Always keep the needle pointed down at this point. The volume of residual air at the plunger is almost always small enough that when you fill the pod, the air remaining in the syringe will be trapped in the void volume between the plunger and the needle tip .

  1. Fill the pod as slowly as possible, over 30 seconds or so . This should help minimize the shearing of any remaining air into smaller bubbles in the loaded chamber and may help the priming step expel a greater amount of the remaining air.

That is super helpful, thank you for that info. I will follow this the next pod change. I do keep my insulin out at room temp. I use the pen fills so not a lot of insulin is left out all the time. If i need to fall back to a pen i can.

I do remove the larger bubble when doing the pod fills, but the rep at omnipod said dont worry about the tiny bubbles it does not have to be perfect as when the pod is primed it will eliminate those bubbles. When i take the plastic cap off the pod i have insulin around the cap so i figured it was from the priming, could the site be tender because of those tiny bubbles getting pushed under the skin? I can see the bubbles causing an issue with insulin ratios not being correct over the first day. Can they cause irritation under the skin also. I will follow those tips on my next change to see if it helps.

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When you remove a pod, is the site wet, or do you smell insulin after doing a large bolus? You didn’t mention leaking (aka tunneling) but your big spikes after meals, despite tweaking ratios for a while, might indicate that. For various reasons I now only give small boluses with the pod – no more than 2 or 3 units – and inject the rest. This helped level out the roller-coaster that resulted from tunneling.

What insulin are you using? For a little while I used Fiasp in my pump and experienced red pumps at the insertion site that took a week or two to go away. I never had this problem injecting Fiasp.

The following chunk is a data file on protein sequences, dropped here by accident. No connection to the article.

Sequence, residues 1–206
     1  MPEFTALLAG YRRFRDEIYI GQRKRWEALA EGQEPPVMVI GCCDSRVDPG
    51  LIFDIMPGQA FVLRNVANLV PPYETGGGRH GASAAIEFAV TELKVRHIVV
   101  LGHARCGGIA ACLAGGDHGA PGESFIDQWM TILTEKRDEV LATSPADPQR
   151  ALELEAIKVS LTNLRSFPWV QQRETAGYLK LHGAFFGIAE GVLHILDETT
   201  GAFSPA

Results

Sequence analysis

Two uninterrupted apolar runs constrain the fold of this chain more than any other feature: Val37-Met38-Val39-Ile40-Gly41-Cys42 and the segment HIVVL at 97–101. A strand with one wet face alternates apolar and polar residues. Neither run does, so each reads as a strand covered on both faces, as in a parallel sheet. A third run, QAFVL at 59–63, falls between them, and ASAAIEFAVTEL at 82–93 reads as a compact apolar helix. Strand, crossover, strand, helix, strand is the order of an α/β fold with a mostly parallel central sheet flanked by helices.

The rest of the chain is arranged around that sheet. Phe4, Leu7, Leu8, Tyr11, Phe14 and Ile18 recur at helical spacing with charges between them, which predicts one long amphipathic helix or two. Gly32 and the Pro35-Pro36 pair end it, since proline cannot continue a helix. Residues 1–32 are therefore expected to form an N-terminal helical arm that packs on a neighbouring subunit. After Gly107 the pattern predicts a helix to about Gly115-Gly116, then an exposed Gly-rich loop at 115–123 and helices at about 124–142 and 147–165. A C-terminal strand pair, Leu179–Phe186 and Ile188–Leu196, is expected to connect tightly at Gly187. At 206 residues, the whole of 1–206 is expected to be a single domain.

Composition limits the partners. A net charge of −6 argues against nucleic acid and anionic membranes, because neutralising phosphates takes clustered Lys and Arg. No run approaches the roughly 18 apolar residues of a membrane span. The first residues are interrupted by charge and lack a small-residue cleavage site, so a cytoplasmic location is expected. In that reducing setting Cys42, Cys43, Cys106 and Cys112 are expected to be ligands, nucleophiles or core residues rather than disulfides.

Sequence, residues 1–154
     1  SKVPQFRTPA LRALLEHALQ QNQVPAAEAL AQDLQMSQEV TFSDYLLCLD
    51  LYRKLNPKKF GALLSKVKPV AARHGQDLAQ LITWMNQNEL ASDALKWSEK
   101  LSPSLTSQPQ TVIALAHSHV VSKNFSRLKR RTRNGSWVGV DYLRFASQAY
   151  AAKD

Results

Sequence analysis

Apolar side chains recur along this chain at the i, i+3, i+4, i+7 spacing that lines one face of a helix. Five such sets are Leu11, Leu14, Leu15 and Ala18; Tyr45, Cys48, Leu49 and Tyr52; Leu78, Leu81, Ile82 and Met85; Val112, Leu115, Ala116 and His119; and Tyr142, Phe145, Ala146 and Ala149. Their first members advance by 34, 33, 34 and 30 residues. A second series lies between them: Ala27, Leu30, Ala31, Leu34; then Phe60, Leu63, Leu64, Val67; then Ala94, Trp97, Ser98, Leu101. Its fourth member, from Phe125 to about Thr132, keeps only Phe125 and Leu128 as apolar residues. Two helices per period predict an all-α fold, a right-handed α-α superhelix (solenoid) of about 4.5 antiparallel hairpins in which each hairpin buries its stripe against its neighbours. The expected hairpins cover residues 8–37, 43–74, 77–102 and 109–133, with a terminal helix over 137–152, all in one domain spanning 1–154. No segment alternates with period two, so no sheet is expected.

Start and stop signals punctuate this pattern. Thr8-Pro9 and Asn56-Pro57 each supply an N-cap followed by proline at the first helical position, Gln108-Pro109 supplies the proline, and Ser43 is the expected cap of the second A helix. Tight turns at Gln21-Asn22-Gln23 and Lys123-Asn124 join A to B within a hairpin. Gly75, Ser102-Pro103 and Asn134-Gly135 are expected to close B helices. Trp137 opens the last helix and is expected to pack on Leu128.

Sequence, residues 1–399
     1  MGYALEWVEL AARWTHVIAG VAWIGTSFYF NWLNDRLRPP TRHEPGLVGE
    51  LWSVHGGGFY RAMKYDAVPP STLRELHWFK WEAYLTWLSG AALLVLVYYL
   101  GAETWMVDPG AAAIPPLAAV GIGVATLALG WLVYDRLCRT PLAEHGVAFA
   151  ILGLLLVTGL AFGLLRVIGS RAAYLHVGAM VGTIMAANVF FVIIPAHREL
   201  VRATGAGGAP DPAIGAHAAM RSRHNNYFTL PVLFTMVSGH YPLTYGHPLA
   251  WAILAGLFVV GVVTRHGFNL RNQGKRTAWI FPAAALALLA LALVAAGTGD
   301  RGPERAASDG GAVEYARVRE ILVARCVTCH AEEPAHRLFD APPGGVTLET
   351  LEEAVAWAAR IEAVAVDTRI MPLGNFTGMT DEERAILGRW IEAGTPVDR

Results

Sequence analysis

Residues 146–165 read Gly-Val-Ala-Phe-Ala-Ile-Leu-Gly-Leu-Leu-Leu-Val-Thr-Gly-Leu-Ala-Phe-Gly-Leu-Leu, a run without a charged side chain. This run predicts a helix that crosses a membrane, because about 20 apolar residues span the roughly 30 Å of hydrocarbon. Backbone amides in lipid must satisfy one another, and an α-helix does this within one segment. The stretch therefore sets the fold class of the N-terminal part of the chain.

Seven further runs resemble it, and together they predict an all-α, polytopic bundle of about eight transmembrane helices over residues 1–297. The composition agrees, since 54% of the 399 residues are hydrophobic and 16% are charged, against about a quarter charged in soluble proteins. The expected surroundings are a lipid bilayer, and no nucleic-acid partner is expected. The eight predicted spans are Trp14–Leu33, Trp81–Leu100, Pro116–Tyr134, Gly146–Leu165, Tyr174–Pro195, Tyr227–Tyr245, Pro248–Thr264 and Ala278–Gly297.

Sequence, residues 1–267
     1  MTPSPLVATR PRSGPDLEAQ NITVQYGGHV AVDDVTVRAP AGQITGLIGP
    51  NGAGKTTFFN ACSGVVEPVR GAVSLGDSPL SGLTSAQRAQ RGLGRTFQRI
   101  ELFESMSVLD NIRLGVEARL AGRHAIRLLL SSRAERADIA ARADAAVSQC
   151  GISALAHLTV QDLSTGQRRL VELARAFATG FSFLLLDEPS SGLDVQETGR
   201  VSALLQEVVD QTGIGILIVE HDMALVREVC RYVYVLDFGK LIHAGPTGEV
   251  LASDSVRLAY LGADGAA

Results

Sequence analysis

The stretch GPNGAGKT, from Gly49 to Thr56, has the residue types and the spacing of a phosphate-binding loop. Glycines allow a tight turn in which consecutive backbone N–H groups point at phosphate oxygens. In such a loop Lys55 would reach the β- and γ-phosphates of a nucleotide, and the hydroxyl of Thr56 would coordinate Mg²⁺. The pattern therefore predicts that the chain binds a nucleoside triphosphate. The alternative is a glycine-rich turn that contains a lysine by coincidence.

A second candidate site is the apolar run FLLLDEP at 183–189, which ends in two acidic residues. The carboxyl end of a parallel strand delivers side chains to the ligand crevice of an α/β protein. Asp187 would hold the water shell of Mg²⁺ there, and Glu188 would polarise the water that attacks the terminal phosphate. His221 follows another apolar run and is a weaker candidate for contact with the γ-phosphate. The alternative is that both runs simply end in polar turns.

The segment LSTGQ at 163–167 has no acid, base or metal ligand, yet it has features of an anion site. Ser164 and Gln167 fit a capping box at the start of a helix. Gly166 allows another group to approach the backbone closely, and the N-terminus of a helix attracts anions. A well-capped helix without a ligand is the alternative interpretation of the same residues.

I never feel the pod on me (though it was noticeable in the beginning just because it was new) and very rarely feel it in me, but I can imagine if you are sensitive to it, it would be a huge nuisance. As for sports and the pod getting in the way or loosening, if I know some particular activity is on the schedule, I’ll place my new pod somewhere suitable – for instance, not on my right arm if I’m playing tennis or painting walls two days from now, or not on my right hip if I know my messenger bag is going to be weighted down. One learns as one goes.

And it may just be that the Omnipod isn’t for you – especially if two out of every three days you get rotten numbers and a lot of discomfort. It just doesn’t work out for some people. There are a couple of newer tubed options in Canada now that might be worth exploring.


I am on NovoRapid, the rep from Omnipod said not to use Fiasp as it has issue in the pods. I did some research and could not find that on any site. I have been on Novorapid for some time maybe 15 years or more. I may have to look at a tube pump, but the tubeless is what keeps me wanting to stay on omnipod because its just easier. The days the pod is really sensitive or rubbing on my car seat on a long trip really makes me wish for something else. Thank you for all the information it has been super helpful. I will try other info from “Trying” on my next pod change to see if it helps.

Likewise; my preference is for no more than 3U in one bolus but my limit is 5U. Above that limit I tell the pod to do the bolus as an “extended bolus” with an extension time of 0.5 hours. I’d actually quite like to be able to program the pod to limit the maximum delivery rate to maybe a tenth of what it is.